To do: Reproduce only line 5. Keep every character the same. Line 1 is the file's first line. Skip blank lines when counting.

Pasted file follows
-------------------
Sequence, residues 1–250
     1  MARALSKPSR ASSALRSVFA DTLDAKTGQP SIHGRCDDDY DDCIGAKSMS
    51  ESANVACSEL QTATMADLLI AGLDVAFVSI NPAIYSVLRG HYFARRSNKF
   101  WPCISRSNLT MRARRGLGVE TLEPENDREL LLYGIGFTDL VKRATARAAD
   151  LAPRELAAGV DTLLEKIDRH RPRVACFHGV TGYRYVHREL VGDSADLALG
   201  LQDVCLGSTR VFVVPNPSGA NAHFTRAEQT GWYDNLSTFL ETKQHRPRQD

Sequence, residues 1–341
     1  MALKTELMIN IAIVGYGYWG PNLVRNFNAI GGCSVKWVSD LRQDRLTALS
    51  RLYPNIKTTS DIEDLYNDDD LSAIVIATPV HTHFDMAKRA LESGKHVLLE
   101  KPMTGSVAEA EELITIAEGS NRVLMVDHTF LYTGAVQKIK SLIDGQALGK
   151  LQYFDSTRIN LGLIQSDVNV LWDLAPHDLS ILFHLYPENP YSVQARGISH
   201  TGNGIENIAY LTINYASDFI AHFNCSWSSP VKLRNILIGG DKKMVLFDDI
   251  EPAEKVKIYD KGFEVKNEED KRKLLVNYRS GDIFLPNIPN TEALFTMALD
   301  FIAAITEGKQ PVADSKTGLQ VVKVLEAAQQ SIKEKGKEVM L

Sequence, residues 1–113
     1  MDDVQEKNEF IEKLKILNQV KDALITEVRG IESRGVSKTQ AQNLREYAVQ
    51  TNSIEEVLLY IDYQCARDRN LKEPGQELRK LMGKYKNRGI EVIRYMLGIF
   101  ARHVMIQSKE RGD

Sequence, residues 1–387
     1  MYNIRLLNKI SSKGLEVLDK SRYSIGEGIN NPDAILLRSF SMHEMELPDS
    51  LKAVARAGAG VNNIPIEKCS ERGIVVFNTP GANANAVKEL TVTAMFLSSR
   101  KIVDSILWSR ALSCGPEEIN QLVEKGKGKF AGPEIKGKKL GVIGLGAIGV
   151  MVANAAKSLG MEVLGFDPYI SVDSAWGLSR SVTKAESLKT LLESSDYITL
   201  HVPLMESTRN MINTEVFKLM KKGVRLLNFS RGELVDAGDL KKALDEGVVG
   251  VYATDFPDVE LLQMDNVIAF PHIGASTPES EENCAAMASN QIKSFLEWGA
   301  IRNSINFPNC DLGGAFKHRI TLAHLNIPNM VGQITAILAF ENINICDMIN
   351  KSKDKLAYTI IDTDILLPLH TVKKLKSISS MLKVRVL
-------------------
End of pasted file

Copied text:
   151  LAPRELAAGV DTLLEKIDRH RPRVACFHGV TGYRYVHREL VGDSADLALG